Doing 2 things at once is no big deal for most of us. We talk on the phone while using our computers, listen to music as we jog and constantly multi-task around the office.
Driving also requires you to do more than 1 thing at once. While behind the wheel you need to steer, brake, shift gears and watch for traffic simultaneously. It's not an easy task and it requires a great deal of attention and concentration.
When distractions - including passengers - break a driver's concentration the risk of a serious or even fatal collision increases dramatically.
On average in Saskatchewan, more than 2,100 people are injured and 28 are killed each year in collisions involving passengers distracting a driver. In fact, driver distraction is the 2nd leading contributing factor in fatal crashes, according to our most recent statistics.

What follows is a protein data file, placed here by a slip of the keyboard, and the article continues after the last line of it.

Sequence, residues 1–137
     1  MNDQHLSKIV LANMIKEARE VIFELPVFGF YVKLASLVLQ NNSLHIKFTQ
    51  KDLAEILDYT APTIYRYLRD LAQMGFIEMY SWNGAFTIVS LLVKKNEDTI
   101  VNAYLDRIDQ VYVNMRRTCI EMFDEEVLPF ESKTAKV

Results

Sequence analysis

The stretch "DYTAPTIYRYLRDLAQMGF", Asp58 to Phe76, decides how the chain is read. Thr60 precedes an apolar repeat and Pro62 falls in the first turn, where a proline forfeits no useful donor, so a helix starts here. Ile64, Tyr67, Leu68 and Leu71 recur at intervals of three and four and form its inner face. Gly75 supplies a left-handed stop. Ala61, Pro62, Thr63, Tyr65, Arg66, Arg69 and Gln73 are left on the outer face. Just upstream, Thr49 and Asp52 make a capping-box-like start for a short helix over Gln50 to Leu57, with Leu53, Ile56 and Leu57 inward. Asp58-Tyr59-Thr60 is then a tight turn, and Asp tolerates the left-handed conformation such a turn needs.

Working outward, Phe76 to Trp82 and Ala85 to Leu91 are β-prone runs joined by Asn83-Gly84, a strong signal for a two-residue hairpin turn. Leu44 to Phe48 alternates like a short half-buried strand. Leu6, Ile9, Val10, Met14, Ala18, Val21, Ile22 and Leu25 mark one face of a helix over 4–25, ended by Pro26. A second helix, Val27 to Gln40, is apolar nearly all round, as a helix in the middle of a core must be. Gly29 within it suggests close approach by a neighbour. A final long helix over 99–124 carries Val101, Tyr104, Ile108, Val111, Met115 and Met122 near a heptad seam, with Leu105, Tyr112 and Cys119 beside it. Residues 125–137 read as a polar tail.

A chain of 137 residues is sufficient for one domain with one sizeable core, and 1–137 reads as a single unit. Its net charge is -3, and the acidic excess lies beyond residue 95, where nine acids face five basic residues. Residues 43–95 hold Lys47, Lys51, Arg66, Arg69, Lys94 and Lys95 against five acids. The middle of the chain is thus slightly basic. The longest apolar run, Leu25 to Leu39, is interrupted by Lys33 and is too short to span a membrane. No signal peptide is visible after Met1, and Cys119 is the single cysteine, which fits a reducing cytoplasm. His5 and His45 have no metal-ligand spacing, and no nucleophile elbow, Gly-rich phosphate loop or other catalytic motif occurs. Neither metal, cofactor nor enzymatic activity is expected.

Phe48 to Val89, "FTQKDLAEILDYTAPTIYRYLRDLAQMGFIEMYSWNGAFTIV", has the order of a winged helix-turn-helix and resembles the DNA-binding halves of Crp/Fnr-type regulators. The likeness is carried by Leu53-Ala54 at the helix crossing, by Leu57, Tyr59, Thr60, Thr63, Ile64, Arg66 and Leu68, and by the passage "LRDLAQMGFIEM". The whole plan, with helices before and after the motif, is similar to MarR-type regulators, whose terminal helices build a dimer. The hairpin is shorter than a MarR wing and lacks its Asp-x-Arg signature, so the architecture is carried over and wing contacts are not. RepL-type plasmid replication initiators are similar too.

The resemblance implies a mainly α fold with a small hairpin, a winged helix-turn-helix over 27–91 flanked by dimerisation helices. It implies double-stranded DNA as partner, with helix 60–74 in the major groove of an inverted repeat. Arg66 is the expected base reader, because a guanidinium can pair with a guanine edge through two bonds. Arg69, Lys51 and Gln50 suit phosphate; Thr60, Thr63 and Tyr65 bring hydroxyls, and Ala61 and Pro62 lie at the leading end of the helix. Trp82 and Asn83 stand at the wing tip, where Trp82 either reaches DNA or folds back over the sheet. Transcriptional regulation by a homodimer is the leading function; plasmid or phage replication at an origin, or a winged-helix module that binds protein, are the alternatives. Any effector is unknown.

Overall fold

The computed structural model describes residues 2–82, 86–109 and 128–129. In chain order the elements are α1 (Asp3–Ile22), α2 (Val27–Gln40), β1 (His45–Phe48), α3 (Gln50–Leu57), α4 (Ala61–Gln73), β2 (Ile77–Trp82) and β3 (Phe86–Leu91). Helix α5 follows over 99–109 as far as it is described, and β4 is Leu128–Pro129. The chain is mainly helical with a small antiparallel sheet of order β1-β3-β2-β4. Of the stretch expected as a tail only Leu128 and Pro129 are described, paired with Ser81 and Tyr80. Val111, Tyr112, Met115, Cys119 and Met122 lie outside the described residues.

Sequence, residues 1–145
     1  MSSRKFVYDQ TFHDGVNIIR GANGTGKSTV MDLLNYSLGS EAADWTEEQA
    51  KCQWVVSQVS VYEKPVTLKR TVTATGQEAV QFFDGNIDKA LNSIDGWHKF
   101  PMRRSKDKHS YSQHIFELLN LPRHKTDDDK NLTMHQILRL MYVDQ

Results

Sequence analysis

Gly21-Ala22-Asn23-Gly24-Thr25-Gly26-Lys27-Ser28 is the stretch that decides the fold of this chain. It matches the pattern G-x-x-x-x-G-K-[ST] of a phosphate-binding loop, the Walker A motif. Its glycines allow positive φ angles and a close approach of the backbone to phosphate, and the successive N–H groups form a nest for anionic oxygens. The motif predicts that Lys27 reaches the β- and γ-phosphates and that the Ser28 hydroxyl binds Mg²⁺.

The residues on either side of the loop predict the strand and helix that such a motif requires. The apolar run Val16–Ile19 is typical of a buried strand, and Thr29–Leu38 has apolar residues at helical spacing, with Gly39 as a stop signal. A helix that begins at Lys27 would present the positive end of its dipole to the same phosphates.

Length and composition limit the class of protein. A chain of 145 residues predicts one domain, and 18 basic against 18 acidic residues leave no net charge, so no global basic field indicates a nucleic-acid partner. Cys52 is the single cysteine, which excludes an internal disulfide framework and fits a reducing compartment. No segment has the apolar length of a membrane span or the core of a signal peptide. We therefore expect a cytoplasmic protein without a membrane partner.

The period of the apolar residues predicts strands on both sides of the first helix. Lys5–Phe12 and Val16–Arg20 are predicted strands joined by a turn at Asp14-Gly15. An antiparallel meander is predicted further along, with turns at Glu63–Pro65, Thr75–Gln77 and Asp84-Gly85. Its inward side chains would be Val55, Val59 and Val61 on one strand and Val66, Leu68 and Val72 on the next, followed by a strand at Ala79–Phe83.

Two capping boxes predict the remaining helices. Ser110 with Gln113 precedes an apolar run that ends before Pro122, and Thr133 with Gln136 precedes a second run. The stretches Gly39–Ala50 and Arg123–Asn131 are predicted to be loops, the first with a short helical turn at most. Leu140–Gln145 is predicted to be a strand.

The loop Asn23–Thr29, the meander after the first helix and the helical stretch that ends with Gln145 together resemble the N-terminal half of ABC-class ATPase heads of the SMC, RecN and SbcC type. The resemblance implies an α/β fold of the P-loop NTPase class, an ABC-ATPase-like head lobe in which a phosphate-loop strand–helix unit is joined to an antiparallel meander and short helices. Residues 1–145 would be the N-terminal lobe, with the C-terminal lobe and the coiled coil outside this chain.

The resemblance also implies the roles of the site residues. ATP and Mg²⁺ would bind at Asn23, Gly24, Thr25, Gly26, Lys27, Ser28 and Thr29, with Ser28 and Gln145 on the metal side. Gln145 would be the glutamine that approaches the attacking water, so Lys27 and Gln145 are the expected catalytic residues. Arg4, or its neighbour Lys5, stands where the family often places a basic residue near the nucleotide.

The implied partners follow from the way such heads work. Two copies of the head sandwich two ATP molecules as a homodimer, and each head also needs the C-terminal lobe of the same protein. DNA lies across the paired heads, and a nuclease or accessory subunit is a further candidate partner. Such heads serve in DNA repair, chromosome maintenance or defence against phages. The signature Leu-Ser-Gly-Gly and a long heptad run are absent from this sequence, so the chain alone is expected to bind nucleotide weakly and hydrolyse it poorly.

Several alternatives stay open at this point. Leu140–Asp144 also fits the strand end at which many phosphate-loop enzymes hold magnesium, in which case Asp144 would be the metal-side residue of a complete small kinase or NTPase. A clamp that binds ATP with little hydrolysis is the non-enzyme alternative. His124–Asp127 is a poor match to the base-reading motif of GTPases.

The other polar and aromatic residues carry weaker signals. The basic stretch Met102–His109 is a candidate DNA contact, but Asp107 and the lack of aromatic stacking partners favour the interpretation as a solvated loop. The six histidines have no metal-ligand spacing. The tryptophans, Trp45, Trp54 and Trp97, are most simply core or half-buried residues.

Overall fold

As a passenger
It's important that you respect the driver's need to remain focused on the road. You can be a big help by tuning the radio, answering calls and dealing with any disputes or problems that may occur.
Young children and pets can be especially distracting for a driver. Never travel with a child or animal in your lap or roaming freely. Instead, be sure that youngsters are properly restrained and always in the back seat. Pets should always be in a location where they are not a distraction for the driver.
As a driver
Distracted drivers react more slowly to changing traffic conditions and road hazards. They fail to recognize other vehicles, bicycles and pedestrians and may even miss important signs and lights.
Don't be afraid to tell passengers that they are being too loud or distracting. It isn't rude, but rather an indication of your concern for the safety of everyone in the vehicle.
Whether with passengers or without, never eat, groom or use cellphones behind the wheel. Operating a vehicle is already complicated enough. If you must add another distraction then do the right thing - pull over safely.